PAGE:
Forget about your Twitter domains and followers grand plan!
Did you register, acquire or otherwise drool over a “twitter followers” domain?
It’s about time to rethink your marketing strategy, because Twitter will come onto you like a billion birds of a feather.
In a lawsuit filed in federal court in San Francisco, five of Twitter’s most aggressive spammers are named as defendants. They used software and websites to follow trending topics on Twitter, latching onto them irrelevant goods and services.
This spamming method apparently didn’t sit well with Twitter, who is yet to become profitable from its enterprise.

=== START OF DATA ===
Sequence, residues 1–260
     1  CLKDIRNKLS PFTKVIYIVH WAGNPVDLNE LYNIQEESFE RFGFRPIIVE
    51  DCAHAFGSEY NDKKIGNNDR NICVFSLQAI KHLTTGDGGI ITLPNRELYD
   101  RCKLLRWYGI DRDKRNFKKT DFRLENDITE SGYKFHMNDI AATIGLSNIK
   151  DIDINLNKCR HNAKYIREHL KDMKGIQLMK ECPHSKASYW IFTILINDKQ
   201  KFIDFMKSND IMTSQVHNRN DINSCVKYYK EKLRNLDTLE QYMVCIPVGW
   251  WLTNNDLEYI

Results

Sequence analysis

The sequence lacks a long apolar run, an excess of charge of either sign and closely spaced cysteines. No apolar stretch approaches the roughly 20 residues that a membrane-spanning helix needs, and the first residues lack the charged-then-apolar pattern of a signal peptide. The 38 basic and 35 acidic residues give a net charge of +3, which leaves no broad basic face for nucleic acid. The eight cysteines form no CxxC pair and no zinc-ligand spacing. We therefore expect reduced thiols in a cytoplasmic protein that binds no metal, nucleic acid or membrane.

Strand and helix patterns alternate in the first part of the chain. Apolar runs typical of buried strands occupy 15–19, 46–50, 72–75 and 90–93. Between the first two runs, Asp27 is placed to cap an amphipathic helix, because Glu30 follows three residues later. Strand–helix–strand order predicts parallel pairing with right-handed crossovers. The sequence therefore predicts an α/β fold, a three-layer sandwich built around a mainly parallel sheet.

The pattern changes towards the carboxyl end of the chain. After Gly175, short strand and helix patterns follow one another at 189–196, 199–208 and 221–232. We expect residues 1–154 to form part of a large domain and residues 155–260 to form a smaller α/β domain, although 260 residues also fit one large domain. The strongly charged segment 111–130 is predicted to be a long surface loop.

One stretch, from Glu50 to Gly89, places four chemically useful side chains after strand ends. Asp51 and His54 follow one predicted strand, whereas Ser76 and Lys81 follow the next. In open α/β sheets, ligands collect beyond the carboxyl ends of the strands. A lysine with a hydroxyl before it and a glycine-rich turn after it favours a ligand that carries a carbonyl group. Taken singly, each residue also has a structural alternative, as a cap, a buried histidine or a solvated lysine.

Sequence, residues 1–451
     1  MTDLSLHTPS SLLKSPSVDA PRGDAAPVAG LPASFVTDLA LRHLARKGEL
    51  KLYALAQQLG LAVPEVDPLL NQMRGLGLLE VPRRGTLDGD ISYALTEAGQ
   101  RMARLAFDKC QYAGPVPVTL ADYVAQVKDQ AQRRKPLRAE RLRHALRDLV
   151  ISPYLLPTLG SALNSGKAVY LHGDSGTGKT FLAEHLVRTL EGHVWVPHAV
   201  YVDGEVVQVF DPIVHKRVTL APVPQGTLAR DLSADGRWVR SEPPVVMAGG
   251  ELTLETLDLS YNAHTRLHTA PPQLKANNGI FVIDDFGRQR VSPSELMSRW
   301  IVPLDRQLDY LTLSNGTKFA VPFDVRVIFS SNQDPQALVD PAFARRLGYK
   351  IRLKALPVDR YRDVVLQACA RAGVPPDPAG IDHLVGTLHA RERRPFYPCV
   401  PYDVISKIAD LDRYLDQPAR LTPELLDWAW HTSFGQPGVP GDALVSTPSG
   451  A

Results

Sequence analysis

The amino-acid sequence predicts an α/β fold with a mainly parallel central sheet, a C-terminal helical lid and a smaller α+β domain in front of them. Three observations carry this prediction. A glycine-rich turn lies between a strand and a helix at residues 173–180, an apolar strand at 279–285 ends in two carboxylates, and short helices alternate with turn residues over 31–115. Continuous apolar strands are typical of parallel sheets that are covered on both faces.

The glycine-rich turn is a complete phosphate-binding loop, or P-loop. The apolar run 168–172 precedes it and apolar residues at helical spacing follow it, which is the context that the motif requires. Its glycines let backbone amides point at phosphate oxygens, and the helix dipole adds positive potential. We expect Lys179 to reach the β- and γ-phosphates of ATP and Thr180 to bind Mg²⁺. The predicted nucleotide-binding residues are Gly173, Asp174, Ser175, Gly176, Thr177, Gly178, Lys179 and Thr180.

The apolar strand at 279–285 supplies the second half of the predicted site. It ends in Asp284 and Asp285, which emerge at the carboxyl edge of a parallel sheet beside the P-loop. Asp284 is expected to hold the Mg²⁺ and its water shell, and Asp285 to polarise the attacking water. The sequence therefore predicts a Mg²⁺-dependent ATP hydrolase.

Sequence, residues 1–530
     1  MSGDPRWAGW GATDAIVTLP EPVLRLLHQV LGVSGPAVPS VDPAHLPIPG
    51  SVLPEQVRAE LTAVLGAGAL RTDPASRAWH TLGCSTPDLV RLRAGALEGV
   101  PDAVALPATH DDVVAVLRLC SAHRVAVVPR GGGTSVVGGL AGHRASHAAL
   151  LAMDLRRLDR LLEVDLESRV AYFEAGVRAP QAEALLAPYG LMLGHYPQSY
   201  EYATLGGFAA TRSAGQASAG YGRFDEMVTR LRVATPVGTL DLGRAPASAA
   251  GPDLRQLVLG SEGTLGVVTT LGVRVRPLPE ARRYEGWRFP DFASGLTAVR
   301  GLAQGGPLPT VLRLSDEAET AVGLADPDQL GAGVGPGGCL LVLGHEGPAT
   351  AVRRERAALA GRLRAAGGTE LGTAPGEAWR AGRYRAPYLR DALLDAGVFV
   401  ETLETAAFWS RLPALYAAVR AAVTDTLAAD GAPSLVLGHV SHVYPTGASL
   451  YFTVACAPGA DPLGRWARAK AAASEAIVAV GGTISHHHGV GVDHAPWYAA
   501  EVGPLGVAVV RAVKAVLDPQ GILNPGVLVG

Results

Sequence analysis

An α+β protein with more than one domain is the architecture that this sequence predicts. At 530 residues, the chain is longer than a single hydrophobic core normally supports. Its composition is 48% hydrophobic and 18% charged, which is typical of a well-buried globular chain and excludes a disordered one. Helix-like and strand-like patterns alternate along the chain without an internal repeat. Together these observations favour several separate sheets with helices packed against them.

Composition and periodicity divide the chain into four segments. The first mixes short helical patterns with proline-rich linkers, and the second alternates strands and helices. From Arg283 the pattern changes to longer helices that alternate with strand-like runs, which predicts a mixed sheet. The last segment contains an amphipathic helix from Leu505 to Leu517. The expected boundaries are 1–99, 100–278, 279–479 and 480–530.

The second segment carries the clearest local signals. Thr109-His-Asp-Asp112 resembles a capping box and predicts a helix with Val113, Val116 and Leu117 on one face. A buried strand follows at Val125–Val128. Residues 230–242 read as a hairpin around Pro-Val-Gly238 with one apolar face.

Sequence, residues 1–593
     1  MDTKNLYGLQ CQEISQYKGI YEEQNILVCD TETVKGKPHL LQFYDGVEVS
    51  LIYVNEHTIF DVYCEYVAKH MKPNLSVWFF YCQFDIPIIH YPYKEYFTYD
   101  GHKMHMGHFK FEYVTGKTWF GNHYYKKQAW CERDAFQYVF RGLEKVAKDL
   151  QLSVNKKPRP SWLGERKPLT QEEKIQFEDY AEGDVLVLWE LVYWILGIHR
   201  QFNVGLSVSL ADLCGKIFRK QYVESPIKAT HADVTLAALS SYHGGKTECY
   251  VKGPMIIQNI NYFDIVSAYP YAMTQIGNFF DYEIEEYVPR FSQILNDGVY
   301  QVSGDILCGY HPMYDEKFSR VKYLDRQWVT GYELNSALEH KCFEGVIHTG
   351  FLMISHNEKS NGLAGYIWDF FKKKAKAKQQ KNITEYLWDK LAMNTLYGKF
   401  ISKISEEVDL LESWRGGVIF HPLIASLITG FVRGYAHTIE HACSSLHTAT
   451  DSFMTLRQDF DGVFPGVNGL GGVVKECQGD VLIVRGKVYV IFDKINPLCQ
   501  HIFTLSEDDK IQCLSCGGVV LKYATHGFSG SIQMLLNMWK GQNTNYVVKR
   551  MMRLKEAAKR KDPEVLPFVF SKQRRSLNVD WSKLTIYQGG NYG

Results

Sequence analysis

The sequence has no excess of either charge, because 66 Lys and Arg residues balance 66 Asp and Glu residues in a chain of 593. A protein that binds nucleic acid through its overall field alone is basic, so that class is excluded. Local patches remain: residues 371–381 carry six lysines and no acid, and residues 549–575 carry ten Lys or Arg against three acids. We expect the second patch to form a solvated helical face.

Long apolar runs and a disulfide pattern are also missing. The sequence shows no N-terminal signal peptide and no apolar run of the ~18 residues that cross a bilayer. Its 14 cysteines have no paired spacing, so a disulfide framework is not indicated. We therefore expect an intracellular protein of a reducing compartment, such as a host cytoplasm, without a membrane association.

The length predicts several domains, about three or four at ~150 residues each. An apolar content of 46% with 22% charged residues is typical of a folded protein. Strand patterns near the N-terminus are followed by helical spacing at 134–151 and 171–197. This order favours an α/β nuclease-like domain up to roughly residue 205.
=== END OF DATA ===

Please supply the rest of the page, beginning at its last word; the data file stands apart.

Some of the websites named in Twitter’s lawsuit were TweetAttacks, TweetBuddy, and a site operated by the individuals James Lucero and Garland Harris, were already down. Another web site, TweetAdder, was still up, as were several of Harris’ sites.
According to Twitter, the company has spent more than $700,000 in its efforts to combat the defendants’ marketing attack and it’s seeking injunctions against each defendant as well as monetary damages.